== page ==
In Hawelka and Wimmer (2008, Vision Research), young adult dyslexics and controls performed letter search on 5-letter strings. The target letter appeared prior to the string, and remained visible when the string appeared. Dependent variable was reaction time for detecting a present target. The authors found that the dyslexics were actually faster than the controls (with the same high accuracy) and concluded that "the slow reading speed of German dyslexic readers cannot be traced to inefficient visual processing of letter strings".
However, I would suggest that this conclusion is unwarranted. The task of detecting a letter within a string differs from the visual processing required for reading, where automatic encoding of all of the letters' positions within the string is necessary. Just because dyslexics are as fast as controls at detecting a letter target does not mean that they encode letter order in a normal manner. In fact, when processing requires fast automatic encoding of letter position across the entire string, dyslexics are notably impaired, as found by Hawelka et al. (2005; 2006, Vision Research), Enns, Bryson & Roes (1995, Can Jour of Exp Psych.) and various studies by Valdois and colleagues.
It is of interest to look at the RT patterns of the dyslexics vs controls in this letter search paradigm. Pitchway, Ledgeway and Masterson (in press, QJEP) did so for adult English dyslexias. They found an LVF advantage for controls, but not dyslexics. A similar pattern is also evident in Hawelka and Wimmer's (2008) data - numerically, controls were faster on position 2 than 4, but dyslexics were not. These patterns are consistent with my idea that normal readers perform rapid serial processing of letters of sub-parts of a single object (the string), whereas dyslexics process letters in parallel as individual objects.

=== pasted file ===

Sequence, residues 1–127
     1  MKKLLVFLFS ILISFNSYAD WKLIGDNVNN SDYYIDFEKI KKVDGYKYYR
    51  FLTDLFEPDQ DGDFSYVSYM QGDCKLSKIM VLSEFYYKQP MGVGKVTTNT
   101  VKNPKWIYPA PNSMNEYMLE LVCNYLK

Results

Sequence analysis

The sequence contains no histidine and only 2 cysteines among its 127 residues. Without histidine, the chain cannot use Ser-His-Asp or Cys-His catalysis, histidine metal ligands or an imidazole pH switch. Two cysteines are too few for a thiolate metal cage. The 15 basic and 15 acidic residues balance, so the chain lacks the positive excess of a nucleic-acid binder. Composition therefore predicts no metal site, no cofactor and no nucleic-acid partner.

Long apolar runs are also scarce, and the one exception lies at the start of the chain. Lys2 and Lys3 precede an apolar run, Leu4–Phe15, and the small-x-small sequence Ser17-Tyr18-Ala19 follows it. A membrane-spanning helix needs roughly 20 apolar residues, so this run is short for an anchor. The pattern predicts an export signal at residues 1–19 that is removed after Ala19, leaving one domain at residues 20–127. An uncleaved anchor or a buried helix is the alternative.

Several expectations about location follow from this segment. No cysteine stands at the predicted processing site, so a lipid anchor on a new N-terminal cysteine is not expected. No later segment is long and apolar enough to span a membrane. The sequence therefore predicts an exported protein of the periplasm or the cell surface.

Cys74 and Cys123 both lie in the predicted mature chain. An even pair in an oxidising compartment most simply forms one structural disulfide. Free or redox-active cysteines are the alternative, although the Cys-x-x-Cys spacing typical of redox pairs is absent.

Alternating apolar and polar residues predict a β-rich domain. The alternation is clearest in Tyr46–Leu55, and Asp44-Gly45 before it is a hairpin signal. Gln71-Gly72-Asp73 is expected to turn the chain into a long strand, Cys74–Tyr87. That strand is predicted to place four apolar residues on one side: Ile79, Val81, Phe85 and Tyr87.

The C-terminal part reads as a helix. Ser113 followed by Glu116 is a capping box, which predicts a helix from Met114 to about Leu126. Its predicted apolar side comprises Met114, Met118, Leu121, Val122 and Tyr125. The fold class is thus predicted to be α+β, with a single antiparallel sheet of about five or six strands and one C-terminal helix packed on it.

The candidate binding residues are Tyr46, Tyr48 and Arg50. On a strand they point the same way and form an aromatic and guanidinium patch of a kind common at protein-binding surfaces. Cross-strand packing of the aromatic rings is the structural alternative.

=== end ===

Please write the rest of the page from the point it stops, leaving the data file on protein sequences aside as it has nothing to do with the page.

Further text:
The length of the string in these experiments (5 letters) is near the limit (~4) for the number of visual objects that can be processed in parallel. Thus dyslexics do not show increased RTs in the letter search task because they can process the five letters of the string mostly in parallel, but they do show a different RT pattern due to this parallel processing. For longer strings, the difference between the two styles of processing has stronger implications, because the rapid serial processing (at 10-15 ms/letter) allows ~10 letters to be processed per fixation, whereas parallel processing in highly-compensated adult dyslexics is probably restricted to 5 letters max, due to innate limitations on the visual systems' ability to process multiple objects in parallel. This accounts for the slow reading that is characteristic of dyslexic readers in transparent orthographies. (In English, dyslexics would have the same visual limit. Due to the irregularity, they may adopt the approach of processing only the salient letters, and guessing at the word. This yields faster, less accurate reading.)
Bergmann and Wimmer (in press, Cog. Neuropsychology) then examined performance of German dyslexics versus controls on lexical decision (LD) versus pseudohomophone decision (PD). (In PD, the answer is "yes" if the pronunciation of a pseudoword is a word, e.g., yes for "taksi", no for "tazi"). Looking at accuracy, they found that dyslexics were only slightly impaired (with respect to controls) for PD, but were highly impaired on LD. In fact, controls were better at LD than PD, while dyslexics were better at PD than LD. For RT, dyslexics were considerably slower than controls on both tasks.
This provides yet more evidence that, universally, the characteristic pattern of dyslexia is a limitation in the uptake of orthographic information, rather than a phonological deficit. However, predicated on their presumption that there is no deficit in the dyslexics' visual processing of strings, the authors place the dyslexics' deficits in three places: poor representations of orthographic word forms, slow connections between orthographic word forms and phonological word forms and slow connections between graphemes and phonemes.
But the data are explained more compactly via the proposal of abnormal, parallel encoding of letters as individual objects. This limits the number of letters that can be processed within a fixation. Furthermore, parallel processing probably also slows down grapheme-phoneme mapping within a fixation, as such translation likely functions more automatically under seriality. Both of these factors yield increased RTs. The parallel processing also prohibits the encoding of a string as a single object, which precludes normal representation of orthographic word forms, yielding poor LD performance.